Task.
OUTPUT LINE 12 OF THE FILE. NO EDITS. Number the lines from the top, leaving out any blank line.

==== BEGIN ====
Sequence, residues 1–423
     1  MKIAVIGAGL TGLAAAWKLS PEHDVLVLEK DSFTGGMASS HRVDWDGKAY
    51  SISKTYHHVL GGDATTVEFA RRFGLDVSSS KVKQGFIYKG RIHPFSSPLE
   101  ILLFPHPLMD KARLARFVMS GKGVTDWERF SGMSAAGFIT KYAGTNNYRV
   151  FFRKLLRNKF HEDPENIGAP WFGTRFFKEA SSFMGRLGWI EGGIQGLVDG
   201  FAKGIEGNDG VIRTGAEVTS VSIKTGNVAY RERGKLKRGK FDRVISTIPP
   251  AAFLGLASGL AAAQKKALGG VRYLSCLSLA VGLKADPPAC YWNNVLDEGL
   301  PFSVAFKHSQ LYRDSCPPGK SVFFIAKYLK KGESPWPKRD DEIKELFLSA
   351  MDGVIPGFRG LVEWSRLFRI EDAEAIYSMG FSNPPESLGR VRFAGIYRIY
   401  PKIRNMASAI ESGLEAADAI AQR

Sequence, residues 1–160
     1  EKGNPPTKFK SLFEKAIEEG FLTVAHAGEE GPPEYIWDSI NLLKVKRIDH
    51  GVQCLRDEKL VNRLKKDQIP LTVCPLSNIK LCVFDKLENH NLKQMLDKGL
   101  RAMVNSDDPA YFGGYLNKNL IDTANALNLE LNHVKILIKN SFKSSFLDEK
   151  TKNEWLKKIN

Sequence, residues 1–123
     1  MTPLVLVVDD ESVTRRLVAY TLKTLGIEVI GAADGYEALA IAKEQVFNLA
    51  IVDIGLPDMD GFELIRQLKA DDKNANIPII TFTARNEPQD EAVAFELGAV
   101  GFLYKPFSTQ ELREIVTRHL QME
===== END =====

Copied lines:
     1  EKGNPPTKFK SLFEKAIEEG FLTVAHAGEE GPPEYIWDSI NLLKVKRIDH